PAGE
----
Amphiscolops sp flatworm (I think) - will they kill all my Tisbe Pods?

Zpmada

New member
I'm trying to prepare my 75 gallon for a Mandarin Dragonette and I think I came across a Amphiscolops sp Flatworm that was swimming near the surface in my sump. I had turned the flow off because I just poured a bottle of Tisbe pods into my refugium and wanted to wait until the display lights turn off and the fish went to sleep before pumping the Tisbe pods into the display. The flatworm on the surface looked like it was going after Tisbe pods that I had just added to my sump. I think that it was a Amphiscolops sp because it was white with a forked tail. Actually, I floated the jar of Tisbe pods in the refugium to equalize the tempature before pouring them in, and some critters were l attached to the exterior of the jar but I wasn't able to identify them. Perhaps they were getting ready to eat the Tisbe pods too? I'm just worried that I won't be able to sustain a Tisbe pod population because something other than the dragonette will eat them all.

Will these flatworms eradicate my copepod population? Should I treat the tank with flatworm eXit and re-seed it with Tisbe pods after I get rid of the flatworms? I'm trying to get a nice Tisbe pod population before adding a Mandarin Dragonette. I have about 110 lbs of rock in the system. Oddly, I don't see any flatworms on the glass near the powerhead like I used to have in my old tank. I had no idea I had them until I saw this one swimming near the surface.

Thank you
 
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Sk8r

Staff member
RC Mod
Your first problem is to get rid of the flatworms. Then worry about the pods. I'm not sure what flatworms do eat, but I can recall genetics lab, where they happily ate each other if one was mashed up. (It was one of the early RNA projects.) So they are carnivores.
 

Sugar Magnolia

Mother of Dachshunds
Staff member
RC Mod
Short answer, yes. Those particular flatworms eat copepods. If you want to establish a copepod population you'll need to eraicate the flatworms. I'd suggest syphoning them out rather than using Flatworm Exit.
 

Zpmada

New member
Short answer, yes. Those particular flatworms eat copepods. If you want to establish a copepod population you'll need to eraicate the flatworms. I'd suggest syphoning them out rather than using Flatworm Exit.

Thank you for the response. I have trouble understanding how I can eradicate them simply by siphoning. They are tiny and I can't see them unless they are on the glass. Seems like I'll never get the ones on the rock/sand. Oddly, I've only noticed them on the glass in my refugium in the sump, never saw one in the display tank. I don't have any wrasse. My livestock are Royal Gramma, Clownfish, Chromies, Cleaner Shrimp, and Bicolor blenny. Clean up crew is snails and red leg hermit crabs (supposedly less aggressive toward snails). No idea what is controlling them in the display tank, maybe the Royal Gamma?

Also, I did treat the tank with Flatworm Exit before reading your post 10 days ago. I still have them and still saw them in the sump the entire past 10 days during and after treatment. I treated 2x the dose and only saw a couple swimming, not hundreds like most people fear. The Flatworm Exit expires in 2-2023 so it's still good. Today I added mixing pumps to my sump and turned off the return to contain the medication and die off toxin to the sump area. I tripped the dose of flat worm exit for the sump alone and hope this does it. I'll do a major water change in the sump before turning on the return pump. Then I'll treat the entire system double dose to get anything in the display but by that time I don't think there will be many if any to worry about die off. Then I'll do it again in 7 days to get any eggs that hatched. Hope this works.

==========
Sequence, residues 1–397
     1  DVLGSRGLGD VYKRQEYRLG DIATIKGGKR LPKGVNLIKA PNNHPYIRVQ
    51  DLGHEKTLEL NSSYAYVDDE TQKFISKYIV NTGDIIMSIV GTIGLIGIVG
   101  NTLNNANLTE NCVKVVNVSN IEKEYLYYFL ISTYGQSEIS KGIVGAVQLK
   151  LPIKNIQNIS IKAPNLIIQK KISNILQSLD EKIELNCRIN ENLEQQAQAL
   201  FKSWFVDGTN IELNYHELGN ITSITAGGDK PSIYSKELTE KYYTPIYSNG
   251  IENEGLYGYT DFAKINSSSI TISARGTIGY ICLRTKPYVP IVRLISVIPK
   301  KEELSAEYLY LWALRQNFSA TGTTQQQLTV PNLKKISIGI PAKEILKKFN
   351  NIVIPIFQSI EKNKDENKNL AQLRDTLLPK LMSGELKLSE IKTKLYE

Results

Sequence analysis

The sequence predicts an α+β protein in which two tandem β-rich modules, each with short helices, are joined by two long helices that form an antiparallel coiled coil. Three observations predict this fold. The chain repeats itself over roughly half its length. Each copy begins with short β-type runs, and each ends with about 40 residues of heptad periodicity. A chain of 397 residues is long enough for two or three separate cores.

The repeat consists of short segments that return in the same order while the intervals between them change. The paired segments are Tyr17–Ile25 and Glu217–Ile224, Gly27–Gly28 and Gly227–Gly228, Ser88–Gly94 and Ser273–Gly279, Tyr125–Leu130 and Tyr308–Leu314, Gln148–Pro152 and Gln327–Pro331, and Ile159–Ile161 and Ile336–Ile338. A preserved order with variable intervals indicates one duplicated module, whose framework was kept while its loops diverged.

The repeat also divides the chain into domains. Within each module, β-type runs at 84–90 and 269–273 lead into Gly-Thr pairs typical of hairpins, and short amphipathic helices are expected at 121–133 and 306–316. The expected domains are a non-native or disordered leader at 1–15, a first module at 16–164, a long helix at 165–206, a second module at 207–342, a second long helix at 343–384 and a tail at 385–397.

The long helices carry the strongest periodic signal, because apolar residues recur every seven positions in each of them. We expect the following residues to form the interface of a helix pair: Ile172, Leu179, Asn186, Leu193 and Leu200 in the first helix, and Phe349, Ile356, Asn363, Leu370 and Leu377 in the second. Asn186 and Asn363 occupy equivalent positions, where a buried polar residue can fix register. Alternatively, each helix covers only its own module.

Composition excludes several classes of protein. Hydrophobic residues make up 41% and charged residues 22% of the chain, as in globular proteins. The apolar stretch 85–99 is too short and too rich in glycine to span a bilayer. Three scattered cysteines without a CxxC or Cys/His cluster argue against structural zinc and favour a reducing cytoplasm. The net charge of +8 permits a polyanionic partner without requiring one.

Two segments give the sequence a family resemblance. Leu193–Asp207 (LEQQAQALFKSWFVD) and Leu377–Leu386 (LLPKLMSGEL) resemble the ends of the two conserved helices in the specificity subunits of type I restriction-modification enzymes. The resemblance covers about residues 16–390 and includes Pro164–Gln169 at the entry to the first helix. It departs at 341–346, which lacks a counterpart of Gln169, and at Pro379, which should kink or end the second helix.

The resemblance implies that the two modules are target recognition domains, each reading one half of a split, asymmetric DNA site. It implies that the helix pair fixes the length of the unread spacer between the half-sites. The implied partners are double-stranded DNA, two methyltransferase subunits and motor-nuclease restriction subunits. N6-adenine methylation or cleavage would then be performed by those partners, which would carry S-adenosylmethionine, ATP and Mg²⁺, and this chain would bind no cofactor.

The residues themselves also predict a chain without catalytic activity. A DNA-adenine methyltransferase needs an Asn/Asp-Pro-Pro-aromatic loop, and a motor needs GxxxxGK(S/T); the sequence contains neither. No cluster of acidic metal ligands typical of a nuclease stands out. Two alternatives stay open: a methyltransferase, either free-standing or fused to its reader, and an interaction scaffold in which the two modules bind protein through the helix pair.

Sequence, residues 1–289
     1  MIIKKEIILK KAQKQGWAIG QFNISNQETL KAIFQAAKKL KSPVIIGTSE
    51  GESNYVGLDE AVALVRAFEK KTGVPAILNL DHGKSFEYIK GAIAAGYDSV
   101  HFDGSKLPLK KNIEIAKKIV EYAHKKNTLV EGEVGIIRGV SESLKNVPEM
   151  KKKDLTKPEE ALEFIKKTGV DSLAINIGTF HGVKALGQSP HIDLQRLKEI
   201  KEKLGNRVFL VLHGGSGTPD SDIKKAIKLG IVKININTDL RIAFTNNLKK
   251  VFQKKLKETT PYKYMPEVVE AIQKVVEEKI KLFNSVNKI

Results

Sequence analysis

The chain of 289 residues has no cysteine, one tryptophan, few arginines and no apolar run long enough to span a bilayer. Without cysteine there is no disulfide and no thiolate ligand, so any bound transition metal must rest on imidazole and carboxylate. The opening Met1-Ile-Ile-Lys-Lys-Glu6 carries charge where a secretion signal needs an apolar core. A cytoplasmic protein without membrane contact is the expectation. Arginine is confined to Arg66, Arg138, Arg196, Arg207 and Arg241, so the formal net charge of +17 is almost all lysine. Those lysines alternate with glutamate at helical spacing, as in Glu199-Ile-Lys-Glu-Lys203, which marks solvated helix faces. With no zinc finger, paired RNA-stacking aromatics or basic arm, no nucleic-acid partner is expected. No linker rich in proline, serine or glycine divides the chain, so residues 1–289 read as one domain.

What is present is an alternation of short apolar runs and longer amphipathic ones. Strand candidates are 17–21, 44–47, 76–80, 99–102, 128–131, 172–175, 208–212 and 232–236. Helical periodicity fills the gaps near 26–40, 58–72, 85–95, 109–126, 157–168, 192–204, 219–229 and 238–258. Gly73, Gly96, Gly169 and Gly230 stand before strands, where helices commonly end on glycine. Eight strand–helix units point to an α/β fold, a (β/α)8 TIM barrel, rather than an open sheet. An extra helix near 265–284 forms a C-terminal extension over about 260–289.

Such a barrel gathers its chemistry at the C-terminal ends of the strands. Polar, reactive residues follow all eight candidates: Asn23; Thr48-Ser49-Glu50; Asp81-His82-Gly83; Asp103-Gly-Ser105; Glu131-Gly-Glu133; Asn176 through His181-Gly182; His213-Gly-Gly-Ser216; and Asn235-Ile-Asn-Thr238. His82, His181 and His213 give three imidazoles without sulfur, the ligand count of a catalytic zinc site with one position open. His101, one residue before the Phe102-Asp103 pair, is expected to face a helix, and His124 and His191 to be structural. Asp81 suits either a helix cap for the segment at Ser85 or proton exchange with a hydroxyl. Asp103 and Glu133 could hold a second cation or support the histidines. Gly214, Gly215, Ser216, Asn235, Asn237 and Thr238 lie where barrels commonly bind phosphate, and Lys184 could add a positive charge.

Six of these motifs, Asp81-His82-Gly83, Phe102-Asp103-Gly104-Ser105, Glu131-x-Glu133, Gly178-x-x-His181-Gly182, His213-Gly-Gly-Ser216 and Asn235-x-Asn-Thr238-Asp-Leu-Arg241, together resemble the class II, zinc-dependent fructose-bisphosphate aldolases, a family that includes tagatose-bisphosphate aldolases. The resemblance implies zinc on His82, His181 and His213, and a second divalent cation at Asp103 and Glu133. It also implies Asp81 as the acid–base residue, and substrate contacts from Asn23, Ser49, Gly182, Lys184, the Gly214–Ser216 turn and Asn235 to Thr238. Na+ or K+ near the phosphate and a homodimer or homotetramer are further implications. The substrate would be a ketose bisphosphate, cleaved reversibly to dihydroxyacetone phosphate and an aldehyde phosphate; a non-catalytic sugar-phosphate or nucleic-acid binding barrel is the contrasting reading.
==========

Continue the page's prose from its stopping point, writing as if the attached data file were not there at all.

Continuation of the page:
Also, I don't know how to siphon the sump since it is ground level and I don't have gravity to help siphon. I don't have any pump that would work with a hose to siphon. (just wave makers types). So, I plan to use a small bucket to remove the water from the sump.
 
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Zpmada

New member
Interesting, I just read the blue green chromis I have are great at eating flatworms. Perhaps that is why I don't see them in the display. Would it be stressfull putting one in my 20 gallon long sump that is divided in 3 if flatworm exit doesnt work? How long for one to eradicate the flatworms in my sump? I imagine 7 days for any egg to hatch so maybe 10 days to be safe?
 

Zpmada

New member
Just an update as it has been a few hours. When I started, I wiped any flatworms off the glass with a paper towel (hopefully they stuck on the paper but they're white and blend in with the white paper towel). Come to think of it, they all looked smaller than normal so maybe they were eggs that hatched after the first treatment 10 days ago. A few hours later I only saw two moving rather quickly on the glass, one went free-floating when I shined the light on it. I think 3x does was needed in my case. I saw an amphipod or Mysis shrimp acting normal so I don't think it hurt the other critters in the sump. So far it's looking good. I don't recommend that others start at 3x the dose incase they have hundreds die off all at once. Follow the instructions when starting...
 
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